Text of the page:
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Adapting or Borrowing Music by Composers

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Adapting or Borrowing Music by Composers

Music has been stolen, borrowed and adapted for centuries! Some of the

first examples of borrowing music dates back to the 13th Century and

Choral and Church music! During the 13th Century there were many types

of musicians. Apart from Monks and their plainsong style of music

there were jongleurs, troubadours, trouveres, minnesingers and

itinerant minstrels which all contributed to music of the day! Though

these secular musicians did not engage in choral activity they did

create a vocal tradition that was soon to "borrow" musical ideas from

the church as the sacred motet transmogrified into the secular

madrigal.

The madrigal appeared as the secular equivalent of the sacred motet in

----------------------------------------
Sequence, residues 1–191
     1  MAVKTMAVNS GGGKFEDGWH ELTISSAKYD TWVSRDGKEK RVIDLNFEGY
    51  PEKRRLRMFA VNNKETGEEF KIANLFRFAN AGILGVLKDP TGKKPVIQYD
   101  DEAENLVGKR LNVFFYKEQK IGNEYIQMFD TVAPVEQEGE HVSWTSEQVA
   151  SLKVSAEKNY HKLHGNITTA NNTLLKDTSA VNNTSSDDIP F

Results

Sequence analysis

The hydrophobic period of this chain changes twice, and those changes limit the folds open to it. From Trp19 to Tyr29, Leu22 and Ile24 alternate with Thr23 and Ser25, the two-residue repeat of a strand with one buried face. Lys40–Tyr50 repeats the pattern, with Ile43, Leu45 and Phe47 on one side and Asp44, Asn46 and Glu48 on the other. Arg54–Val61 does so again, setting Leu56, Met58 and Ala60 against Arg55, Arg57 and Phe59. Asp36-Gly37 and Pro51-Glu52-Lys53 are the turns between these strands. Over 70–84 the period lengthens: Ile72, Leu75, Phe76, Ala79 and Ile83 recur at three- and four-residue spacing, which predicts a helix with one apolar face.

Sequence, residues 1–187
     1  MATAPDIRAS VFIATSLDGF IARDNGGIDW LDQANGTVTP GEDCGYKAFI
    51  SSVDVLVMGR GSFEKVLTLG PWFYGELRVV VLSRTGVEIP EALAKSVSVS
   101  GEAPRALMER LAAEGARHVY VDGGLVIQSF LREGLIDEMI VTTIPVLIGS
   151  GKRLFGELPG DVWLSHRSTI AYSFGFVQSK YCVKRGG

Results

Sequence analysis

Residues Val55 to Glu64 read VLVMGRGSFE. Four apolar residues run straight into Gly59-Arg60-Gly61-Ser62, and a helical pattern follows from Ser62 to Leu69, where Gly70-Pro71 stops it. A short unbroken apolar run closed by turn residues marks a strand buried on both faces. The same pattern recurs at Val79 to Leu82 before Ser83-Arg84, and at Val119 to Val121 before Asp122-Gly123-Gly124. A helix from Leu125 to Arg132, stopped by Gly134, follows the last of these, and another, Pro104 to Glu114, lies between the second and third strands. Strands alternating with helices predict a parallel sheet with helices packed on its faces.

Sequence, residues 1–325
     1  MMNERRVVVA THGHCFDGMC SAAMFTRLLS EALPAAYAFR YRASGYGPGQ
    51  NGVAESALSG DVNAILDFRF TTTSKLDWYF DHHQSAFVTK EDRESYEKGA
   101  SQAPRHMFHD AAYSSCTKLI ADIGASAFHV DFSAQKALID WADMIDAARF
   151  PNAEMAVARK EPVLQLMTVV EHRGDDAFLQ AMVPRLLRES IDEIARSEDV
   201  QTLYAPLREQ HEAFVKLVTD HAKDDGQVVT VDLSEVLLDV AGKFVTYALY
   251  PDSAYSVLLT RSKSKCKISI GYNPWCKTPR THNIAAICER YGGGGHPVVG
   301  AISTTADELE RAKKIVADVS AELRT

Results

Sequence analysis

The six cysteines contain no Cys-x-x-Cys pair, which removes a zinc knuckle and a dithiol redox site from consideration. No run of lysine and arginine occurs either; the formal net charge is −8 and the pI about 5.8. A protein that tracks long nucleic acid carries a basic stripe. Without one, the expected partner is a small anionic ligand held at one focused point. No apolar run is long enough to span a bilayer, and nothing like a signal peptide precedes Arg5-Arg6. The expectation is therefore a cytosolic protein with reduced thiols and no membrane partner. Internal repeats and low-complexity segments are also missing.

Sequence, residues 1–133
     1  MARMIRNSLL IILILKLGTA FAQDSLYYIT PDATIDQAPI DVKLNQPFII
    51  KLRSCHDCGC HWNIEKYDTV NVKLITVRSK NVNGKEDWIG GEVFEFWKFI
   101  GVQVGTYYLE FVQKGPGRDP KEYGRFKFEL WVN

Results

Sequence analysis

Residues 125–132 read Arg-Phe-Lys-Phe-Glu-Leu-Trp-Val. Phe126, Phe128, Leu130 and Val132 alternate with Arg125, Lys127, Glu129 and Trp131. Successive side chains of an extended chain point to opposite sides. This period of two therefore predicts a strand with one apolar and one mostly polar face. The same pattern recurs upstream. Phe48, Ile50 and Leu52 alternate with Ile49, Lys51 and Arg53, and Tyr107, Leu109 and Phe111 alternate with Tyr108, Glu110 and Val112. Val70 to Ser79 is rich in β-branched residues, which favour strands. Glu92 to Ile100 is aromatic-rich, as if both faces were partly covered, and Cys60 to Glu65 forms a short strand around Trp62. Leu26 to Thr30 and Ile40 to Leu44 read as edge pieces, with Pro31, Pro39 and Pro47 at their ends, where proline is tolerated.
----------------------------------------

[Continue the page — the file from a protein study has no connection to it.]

the late thirteenth century. The madrigal writers immediately adopted

the style of having each part as an original composition rather than

use an existing melody around which other parts could be structured.

The secular words were taken from the works of esteemed poets as well

as original verse written specifically for madrigal purposes. The

quality of the words was deemed so important that they were able to

stand as poetry of merit in their own right and were sometimes

published as thus. Petrarch (1304-1374) was one of the earliest poets

to have his words used as the inspiration for madrigal setting.

This form of borrowing is seen in our set pieces too. Palastrina took

a plainsong hymn and used it in his Mass.

Another form of music borrowing is arranging! Arranging is where a

composer takes an original piece of music and adapts it to his or her

requirements. For example ‘You are the Sunshine of My Life’ was

originally a 1970’s popular piece of music. Frank Sinatra had it

adapted to Swing music so that he could put his own twist on it. Jazz

players do this as well, but taking someone else’s music is not really

composing so does that mean that people who arrange or borrow music

are not composers? Well going back in history again, Bach is one of
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